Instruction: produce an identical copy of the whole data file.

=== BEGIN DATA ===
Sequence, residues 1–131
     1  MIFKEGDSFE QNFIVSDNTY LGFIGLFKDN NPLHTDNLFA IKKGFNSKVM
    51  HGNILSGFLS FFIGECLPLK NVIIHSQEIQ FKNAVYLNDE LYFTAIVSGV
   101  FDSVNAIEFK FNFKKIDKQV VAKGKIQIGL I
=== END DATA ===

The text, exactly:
Sequence, residues 1–131
     1  MIFKEGDSFE QNFIVSDNTY LGFIGLFKDN NPLHTDNLFA IKKGFNSKVM
    51  HGNILSGFLS FFIGECLPLK NVIIHSQEIQ FKNAVYLNDE LYFTAIVSGV
   101  FDSVNAIEFK FNFKKIDKQV VAKGKIQIGL I